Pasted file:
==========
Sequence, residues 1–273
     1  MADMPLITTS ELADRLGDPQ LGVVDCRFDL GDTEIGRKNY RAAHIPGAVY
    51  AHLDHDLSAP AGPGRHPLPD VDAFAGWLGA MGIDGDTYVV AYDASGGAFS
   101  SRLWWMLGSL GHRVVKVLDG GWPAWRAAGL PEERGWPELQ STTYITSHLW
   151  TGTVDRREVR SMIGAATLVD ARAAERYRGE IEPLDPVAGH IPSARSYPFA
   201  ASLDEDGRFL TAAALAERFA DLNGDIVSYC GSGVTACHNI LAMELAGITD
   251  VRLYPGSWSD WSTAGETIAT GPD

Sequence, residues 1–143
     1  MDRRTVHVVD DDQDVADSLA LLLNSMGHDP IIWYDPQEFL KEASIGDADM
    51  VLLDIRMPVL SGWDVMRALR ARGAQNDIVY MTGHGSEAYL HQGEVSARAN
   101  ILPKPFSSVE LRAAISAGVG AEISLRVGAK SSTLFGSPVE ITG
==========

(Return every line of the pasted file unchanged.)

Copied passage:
Sequence, residues 1–273
     1  MADMPLITTS ELADRLGDPQ LGVVDCRFDL GDTEIGRKNY RAAHIPGAVY
    51  AHLDHDLSAP AGPGRHPLPD VDAFAGWLGA MGIDGDTYVV AYDASGGAFS
   101  SRLWWMLGSL GHRVVKVLDG GWPAWRAAGL PEERGWPELQ STTYITSHLW
   151  TGTVDRREVR SMIGAATLVD ARAAERYRGE IEPLDPVAGH IPSARSYPFA
   201  ASLDEDGRFL TAAALAERFA DLNGDIVSYC GSGVTACHNI LAMELAGITD
   251  VRLYPGSWSD WSTAGETIAT GPD

Sequence, residues 1–143
     1  MDRRTVHVVD DDQDVADSLA LLLNSMGHDP IIWYDPQEFL KEASIGDADM
    51  VLLDIRMPVL SGWDVMRALR ARGAQNDIVY MTGHGSEAYL HQGEVSARAN
   101  ILPKPFSSVE LRAAISAGVG AEISLRVGAK SSTLFGSPVE ITG